There is a significant move toward automation and the use of robotics in the Iowa manufacturing sector. Gone are the days when all robotic equipment was in cages that kept workers away from them. You and many others may already work alongside a collaborative robotic co-worker that does the repetitive and mundane jobs, leaving the more challenging task for you to accomplish.
Although the safety standards for robotics are still evolving, your employer must comply with the general safety regulations of the Occupational Safety and Health Administration. To protect you and your human co-workers, your employer must assess the workspaces around collaborative robots to identify and address safety hazards.
Common hazards caused by robots
Robots are programmable, making their actions predictable. However, many recorded accidents occurred during program adjustments, repairs, maintenance, setup and testing. Learning to expect the following often-unexpected hazards might protect you from injuries:
- Mechanical failures: These issues are usually unanticipated and could be dangerous because mechanical problems can cause unforeseen and faulty robotic operations.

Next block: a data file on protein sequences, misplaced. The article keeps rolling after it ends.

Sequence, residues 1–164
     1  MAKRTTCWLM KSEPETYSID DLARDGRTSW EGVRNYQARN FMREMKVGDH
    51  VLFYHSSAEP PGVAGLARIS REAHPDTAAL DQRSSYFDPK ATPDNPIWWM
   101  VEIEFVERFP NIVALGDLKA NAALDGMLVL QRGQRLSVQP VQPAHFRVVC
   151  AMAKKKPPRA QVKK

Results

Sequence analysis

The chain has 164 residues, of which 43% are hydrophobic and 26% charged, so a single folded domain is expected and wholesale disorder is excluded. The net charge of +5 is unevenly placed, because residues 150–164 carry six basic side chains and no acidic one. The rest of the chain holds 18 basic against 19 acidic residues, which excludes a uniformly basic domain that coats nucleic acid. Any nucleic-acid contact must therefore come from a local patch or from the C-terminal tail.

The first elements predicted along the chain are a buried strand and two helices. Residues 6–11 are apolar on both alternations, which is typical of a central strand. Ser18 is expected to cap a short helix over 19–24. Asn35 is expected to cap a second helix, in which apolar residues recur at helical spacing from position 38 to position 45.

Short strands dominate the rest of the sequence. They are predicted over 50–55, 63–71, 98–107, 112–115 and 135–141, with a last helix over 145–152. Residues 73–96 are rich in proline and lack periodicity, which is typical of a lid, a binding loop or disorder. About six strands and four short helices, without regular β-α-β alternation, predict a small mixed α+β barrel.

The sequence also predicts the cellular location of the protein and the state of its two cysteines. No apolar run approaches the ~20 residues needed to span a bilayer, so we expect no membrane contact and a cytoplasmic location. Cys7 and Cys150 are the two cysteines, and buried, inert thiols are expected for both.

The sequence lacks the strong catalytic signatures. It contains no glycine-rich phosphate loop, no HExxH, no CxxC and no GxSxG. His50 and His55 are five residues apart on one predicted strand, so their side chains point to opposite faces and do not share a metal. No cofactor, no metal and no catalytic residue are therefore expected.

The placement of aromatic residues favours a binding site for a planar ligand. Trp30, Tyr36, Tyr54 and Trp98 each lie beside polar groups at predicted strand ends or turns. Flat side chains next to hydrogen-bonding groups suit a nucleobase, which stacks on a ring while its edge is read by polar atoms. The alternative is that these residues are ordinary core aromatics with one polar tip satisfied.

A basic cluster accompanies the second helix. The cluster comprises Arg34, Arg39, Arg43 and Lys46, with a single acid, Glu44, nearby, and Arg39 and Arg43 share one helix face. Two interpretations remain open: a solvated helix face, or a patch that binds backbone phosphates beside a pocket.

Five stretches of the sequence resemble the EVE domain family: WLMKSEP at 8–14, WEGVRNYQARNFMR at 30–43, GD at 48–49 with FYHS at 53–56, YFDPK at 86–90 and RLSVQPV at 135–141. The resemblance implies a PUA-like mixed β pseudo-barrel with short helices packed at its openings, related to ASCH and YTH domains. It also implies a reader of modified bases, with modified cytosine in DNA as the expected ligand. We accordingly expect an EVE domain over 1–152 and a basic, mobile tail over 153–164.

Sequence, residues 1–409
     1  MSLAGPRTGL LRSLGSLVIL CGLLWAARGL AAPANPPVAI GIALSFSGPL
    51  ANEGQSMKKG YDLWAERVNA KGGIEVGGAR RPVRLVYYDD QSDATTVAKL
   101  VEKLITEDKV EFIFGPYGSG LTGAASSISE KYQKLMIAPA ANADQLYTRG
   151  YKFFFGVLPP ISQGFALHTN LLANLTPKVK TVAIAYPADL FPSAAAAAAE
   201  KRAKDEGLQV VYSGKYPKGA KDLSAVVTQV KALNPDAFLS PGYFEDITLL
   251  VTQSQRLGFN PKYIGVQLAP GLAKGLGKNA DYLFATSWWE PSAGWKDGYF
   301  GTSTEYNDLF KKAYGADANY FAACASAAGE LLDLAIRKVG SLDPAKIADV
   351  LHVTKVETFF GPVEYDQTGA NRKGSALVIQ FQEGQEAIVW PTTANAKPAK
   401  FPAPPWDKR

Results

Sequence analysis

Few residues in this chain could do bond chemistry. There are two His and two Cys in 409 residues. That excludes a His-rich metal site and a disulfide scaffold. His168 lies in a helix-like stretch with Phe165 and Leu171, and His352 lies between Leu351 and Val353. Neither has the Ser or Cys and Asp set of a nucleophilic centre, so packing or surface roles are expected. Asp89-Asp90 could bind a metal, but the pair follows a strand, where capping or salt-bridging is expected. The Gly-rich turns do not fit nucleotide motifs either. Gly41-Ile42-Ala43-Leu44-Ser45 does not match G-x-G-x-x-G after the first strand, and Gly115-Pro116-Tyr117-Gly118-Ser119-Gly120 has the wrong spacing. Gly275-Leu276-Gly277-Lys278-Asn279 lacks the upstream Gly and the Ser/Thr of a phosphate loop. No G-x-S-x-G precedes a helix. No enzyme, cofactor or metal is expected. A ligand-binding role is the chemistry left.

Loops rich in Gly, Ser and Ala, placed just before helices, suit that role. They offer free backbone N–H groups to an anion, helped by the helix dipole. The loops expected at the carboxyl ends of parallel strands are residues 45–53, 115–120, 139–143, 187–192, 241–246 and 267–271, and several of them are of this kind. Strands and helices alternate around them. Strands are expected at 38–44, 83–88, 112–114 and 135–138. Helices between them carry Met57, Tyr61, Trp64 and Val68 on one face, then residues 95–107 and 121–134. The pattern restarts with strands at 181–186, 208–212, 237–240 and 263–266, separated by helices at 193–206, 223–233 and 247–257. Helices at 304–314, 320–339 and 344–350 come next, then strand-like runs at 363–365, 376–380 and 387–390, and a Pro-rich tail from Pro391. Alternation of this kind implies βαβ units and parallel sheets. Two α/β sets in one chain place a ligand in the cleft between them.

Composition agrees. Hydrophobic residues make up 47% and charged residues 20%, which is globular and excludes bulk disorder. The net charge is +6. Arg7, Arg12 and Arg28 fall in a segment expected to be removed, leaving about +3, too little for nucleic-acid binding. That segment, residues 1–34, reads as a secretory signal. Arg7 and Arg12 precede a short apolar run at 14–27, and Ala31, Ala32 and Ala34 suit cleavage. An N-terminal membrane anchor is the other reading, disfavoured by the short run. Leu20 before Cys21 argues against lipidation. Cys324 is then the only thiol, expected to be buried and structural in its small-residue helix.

- Control errors: Faults within the robot’s software, control system, radio frequencies and electromagnetic fields could cause increased hazardous energy levels and erratic behavior.
- Environmental sources: Unpredictable environmental interference can affect the radio frequency or electromagnetic fields during power loss or surges. This is particularly common during the designing and implementation of workplace automation.
- Unauthorized access: Those who are unfamiliar with the hazards might enter the safeguarded area without authorization, risking serious injuries.
- Installation errors: Accuracy is critical during the installation of a robot because variations from original designs could give rise to hazardous situations.
- Disrupted power systems: Electrical, pneumatic or hydraulic power sources that are unstable can cause control malfunctions that might increase the risk of fires, electrical shocks and more.
- Human errors: These can involve those involved with the programming and interfacing, maintenance and activation, or the operators of the robots. Many accidents result from complacency and over-familiarity after many event-free shifts.
Regardless of how much easier your robotic co-worker has made your job, your employer remains responsible for your health and safety, and adequate safety training along with personal protective equipment will always form part of the federal and state safety standards.
Your employer’s insurance provider will provide benefits to cover your medical expenses and lost wages in the event of a workplace injury, regardless of who was at fault. A workers’ compensation attorney who has experience in the Iowa insurance program can explain your rights and assist with the benefits claim process.